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If you’re looking to buy or sell property, you’ll know there are several fees associated with a real estate transaction. You may find yourself looking for all the different details that affect how much money you get or pay.
Transfer taxes or conveyance taxes are just another one of these many things to watch out for. While it may seem insignificant when compared to the value of a real estate transaction, understanding how transfer taxes work could help you while buying or selling a home.
Transfer Taxes in Florida
Transfer tax is a fee levied by governments when property ownership or title is transferred between entities. Most states charge some form of a transfer tax, but both the government’s usage and the amount varies by county. Florida is no exception as, during each transaction, Florida governments charge a fee for documentary stamps (doc stamps).
A documentary stamp tax is a tax levied on documents when transferring an obligation, right, or property and is equivalent to a real estate transfer tax. The seller is responsible for the doc stamps during a real estate transaction, so they will typically be the ones to pay the fee. However, real estate transactions are always negotiable, so the buyer can pay this fee if outlined in the purchase agreement.
Avoiding Transfer Taxes
Transfer taxes are a very controversial topic in Florida. Since transfer taxes are charged as a percentage of home prices, the government receives much more revenue on sales of high-value properties. However, before the Corporate Transparency Act passed in 2021, many high-net-worth entities would use Limited Liability Corporations (LLCs) to avoid paying real estate fees on transactions.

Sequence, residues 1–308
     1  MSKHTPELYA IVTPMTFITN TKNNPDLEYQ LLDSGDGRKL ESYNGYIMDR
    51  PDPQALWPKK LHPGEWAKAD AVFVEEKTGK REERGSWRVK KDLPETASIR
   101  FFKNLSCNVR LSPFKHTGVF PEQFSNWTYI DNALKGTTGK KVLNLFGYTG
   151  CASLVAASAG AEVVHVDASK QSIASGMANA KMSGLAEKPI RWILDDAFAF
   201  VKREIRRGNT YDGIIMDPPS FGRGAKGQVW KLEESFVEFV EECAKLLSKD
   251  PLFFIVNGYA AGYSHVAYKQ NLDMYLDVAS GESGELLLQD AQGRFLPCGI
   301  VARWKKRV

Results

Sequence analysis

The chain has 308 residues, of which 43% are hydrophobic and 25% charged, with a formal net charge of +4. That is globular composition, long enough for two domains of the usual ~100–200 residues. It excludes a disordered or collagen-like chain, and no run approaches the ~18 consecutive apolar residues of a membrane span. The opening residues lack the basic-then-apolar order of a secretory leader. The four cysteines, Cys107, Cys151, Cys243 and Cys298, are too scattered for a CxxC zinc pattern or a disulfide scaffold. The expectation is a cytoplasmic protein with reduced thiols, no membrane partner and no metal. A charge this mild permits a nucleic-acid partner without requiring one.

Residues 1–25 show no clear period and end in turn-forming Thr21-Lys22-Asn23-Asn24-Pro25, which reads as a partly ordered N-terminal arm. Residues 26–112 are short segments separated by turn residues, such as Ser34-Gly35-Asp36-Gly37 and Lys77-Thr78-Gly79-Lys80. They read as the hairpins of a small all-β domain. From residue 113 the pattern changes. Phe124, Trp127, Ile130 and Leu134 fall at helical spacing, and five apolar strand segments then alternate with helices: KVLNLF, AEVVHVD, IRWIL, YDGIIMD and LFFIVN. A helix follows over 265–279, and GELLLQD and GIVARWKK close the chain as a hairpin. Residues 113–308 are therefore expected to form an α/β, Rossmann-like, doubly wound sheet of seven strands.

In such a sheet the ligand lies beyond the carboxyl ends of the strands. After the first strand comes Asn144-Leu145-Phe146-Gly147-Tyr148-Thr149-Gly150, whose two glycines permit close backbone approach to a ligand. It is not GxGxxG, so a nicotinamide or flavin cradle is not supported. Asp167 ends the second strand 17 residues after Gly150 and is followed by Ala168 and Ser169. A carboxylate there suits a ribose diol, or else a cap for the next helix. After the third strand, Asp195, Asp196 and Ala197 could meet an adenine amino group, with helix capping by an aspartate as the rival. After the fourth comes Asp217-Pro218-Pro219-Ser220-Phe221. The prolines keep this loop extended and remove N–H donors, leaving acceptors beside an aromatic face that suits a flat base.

This loophole was only used by the wealthiest individuals in Florida, but people would shovel real estate under shell corporations and avoid fees by buying shares of the company. Some experts say that there are still loopholes in the system for avoiding transfer taxes, but only time will tell.
However, as an individual home buyer, you can still avoid paying transfer taxes without exploiting the law. If you are transferring property to a spouse, then you can avoid documents of transfer and consequently, the transfer tax. Under this transaction, there is no transfer tax charged throughout the transaction.
You may also be exempt from paying the transfer tax in the case of bankruptcy. These are quite obscure situations that likely won’t arise for a regular home buyer. Unfortunately, most individuals and families don’t have a way of avoiding this government fee.
How Much Are Transfer Taxes?
Now that you have a solid understanding of how transfer taxes work, the question of how much it will cost you arises. Unlike other states with different transfer taxes per county or different transfer taxes by home price, the transfer tax in Florida is quite straightforward. In every county not including Miami-Dade, the transfer tax is 0.7% of the home sale price.
Within Miami-Dade County, the transfer tax is 0.6% of the home sale price. This means that the transfer tax on a $300,000 home would cost you $2,100 or $1,800 in Miami-Dade County. This is on the higher end compared to other US states since most states have very low transfer taxes of less than 0.3% and some don’t have a transfer tax at all. Unfortunately, this means that transferring property in Florida may cost you a bit more per transaction.
While the party responsible for paying the transfer tax can be negotiated, it is standard for sellers to pay the full amount in Florida. This adds to the many seller closing costs that Florida homeowners have to consider when thinking about long-term investments or moving to a new property.
Other fees can include the real estate agent commission, seller concessions, or home repairs. Florida home sellers should expect to pay about 3% in closing costs in addition to a 6% realtor commission. Transfer taxes are one of the many considerations that home sellers have to make in Florida and just like any other part of a real estate transaction, it’s good to have some basic knowledge on the topic.